(A) Four light-reflective markers put around the mouth. (B) An image of the markers taken by an infrared video camera through a mirror mounted on the head coil. (C) Temporal changes in the marker positions and the determined motion labels. In the upper panel, each coordinate value of the markers is normalized relative to the averaged value over a run and plotted against time. The lower panel depicts the determined motion labels corresponding to the large facial marker motion shown in the upper panel. (D) Performance of decoding humor experiences versus that of facial marker motion. The fMRI activity patterns in each brain area were re-analyzed by labeling them with detected facial marker motion whereas the original activity patterns were labeled with humor reports. Each graph depicts the decoding performances obtained from each anatomically defined brain area across the latency to the humor or motion onset. The magenta and blue solid lines correspond to the results of the decoding of facial marker motion and the humor experiences, respectively. The filled and open circles on the magenta or blue lines respectively indicate that the accuracy is significantly higher than chance level (AUC = 0.5; a dashed line in each graph) or not significant relative to the chance level (p<0.05, t-test, FDR corrected for multiple comparisons). A red asterisk indicates a significant difference between the accuracies of the original decoding and the decoding with facial marker motion (p<0.05,t-test, FDR corrected for multiple comparisons). Error bars correspond to s.e.m.
Figure 5 compares the results of the original decoding and the decoding using the laughter-based labels. The number of data samples for the laughter-based labels is shown in Table 5. The original decoding results would seem to be derived from sensory cues in funny scenes independent of humor processing if the decoding accuracies using the laughter-based labels remained the same as or outperformed the original decoding accuracies. However, the decoding accuracies using the laughter -based labels dropped at most lags, including ones before humor onsets, in comparison with the original decoding accuracies.
The performance of decoding humor experiences versus that of laughter from the audience is shown. The fMRI activity patterns in each brain area were re-analyzed by labeling them with presence of sounds of laughter from the audience contained in movie stimuli whereas the original activity patterns were labeled with humor reports. Each graph depicts the decoding performances obtained from each anatomically defined brain area across the latency to the humor or motion onset. The cyan and blue solid lines correspond to the results of the decoding of laughter sounds and the humor experiences, respectively. The filled and open circles on the cyan or blue lines respectively indicate that the accuracy is significantly higher than chance level (AUC = 0.5; a dashed line in each graph) or not significant relative to the chance level (p<0.05, t-test, FDR corrected for multiple comparisons). A red asterisk indicates a significant difference between the accuracies of the original decoding and the decoding with laughter sounds (p<0.05, t-test, FDR corrected for multiple comparisons). Error bars correspond to s.e.m.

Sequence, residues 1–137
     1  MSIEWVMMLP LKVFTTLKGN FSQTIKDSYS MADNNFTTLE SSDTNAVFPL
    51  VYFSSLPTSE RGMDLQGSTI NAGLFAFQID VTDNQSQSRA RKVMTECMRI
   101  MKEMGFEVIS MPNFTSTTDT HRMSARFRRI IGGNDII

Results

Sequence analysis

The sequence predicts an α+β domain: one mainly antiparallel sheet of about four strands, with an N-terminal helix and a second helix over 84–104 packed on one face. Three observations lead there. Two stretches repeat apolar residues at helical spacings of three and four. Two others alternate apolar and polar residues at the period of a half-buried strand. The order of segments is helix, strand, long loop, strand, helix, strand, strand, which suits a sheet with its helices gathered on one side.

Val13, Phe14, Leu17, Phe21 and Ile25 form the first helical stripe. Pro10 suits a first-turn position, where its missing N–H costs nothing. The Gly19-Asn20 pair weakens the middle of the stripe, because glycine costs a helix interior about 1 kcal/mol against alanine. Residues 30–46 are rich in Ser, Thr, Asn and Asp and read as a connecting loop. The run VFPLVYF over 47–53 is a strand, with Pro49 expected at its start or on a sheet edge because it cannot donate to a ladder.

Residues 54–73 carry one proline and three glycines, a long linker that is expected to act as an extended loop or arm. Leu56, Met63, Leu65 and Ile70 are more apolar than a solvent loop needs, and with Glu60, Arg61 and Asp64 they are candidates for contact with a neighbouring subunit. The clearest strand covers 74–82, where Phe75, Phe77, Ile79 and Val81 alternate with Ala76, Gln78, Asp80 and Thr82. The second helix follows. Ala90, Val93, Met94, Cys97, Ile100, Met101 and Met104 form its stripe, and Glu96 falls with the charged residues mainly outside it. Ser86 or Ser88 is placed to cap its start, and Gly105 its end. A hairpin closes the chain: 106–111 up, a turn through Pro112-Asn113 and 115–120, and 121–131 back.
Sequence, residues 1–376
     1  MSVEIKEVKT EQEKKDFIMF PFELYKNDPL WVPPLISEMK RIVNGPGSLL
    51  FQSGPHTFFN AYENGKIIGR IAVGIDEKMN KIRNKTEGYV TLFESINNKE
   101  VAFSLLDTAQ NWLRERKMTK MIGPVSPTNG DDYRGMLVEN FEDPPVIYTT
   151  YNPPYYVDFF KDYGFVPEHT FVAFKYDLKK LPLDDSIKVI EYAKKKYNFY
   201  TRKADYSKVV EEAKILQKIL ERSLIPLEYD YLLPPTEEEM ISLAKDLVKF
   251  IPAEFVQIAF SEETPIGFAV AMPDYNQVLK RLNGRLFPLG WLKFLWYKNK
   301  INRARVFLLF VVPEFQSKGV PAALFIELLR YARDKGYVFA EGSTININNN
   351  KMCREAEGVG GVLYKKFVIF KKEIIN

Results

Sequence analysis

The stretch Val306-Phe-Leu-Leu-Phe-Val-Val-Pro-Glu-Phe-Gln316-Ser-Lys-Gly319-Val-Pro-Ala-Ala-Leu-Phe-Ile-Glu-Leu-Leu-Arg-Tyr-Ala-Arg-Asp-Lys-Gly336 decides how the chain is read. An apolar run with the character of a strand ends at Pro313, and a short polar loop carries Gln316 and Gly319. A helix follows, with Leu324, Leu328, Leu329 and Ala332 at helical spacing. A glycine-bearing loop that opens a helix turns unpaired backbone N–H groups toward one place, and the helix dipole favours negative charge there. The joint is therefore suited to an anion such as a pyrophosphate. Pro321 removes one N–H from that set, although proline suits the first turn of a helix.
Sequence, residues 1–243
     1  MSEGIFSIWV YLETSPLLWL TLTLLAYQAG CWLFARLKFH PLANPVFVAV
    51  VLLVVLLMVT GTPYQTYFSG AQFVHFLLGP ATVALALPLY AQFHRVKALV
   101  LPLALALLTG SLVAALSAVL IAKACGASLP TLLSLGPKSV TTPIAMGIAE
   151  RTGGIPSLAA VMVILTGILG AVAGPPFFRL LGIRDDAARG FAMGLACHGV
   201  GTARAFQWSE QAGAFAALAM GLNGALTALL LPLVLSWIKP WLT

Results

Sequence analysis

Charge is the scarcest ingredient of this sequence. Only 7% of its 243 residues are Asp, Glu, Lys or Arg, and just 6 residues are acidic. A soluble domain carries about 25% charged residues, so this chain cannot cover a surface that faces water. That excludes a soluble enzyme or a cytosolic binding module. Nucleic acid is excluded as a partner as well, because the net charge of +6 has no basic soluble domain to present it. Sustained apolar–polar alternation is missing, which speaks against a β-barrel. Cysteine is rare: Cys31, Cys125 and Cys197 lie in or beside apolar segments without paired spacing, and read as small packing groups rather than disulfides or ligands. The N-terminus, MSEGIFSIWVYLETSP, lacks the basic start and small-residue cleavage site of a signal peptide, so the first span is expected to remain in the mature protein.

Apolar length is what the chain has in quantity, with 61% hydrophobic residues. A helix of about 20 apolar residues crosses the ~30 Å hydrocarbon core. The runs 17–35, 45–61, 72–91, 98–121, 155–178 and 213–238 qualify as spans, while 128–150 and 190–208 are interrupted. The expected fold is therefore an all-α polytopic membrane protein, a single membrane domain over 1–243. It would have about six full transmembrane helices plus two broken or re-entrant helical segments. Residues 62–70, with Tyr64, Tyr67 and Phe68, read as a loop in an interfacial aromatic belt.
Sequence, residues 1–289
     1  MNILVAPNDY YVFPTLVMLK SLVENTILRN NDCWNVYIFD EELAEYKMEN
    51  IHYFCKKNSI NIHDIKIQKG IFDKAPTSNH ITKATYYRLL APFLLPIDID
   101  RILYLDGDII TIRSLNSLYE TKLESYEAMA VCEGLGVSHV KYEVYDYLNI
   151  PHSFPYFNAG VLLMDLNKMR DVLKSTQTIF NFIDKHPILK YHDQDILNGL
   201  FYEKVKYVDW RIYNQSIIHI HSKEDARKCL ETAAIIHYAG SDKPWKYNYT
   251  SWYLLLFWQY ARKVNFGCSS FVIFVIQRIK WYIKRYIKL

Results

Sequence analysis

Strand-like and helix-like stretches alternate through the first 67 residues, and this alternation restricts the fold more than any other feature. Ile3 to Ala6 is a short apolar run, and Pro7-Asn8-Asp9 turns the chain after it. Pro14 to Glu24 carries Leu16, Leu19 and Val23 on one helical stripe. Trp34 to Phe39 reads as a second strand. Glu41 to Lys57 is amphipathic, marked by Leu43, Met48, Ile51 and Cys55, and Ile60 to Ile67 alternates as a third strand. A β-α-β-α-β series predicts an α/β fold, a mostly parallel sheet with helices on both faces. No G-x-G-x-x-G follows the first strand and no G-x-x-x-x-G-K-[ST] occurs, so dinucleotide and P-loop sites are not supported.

We have shown that the upcoming humor experiences can be decoded from fMRI responses two seconds ahead of and at the same time as humor reports in the areas including the bilateral DLPFC, vPFC, and temporal areas. The poor decoding performance during the period before the response device manipulations in the control experiments suggests that the accurate decoding of upcoming humor was not derived from motor preparation. Moreover, the changes in facial expressions and laughter from the audience in the movie stimuli cannot account for the accurate decoding, particularly in the right DLPFC and the right temporal area. Therefore, it is unlikely that the above chance level decoding of the upcoming humor, prior to the awareness of humor, from the ROIs were artifacts caused by changes in facial expression and/or sensory cues existing in funny scenes. These results suggest that a specific subjective state predictive of upcoming humor experiences exists and that it can be detected from single trial fMRI data obtained during natural movie viewing. Taking into account the hemodynamic delay, we found that the state predictive of upcoming humor experiences begins from more than two seconds before and lasts until the awareness of humor.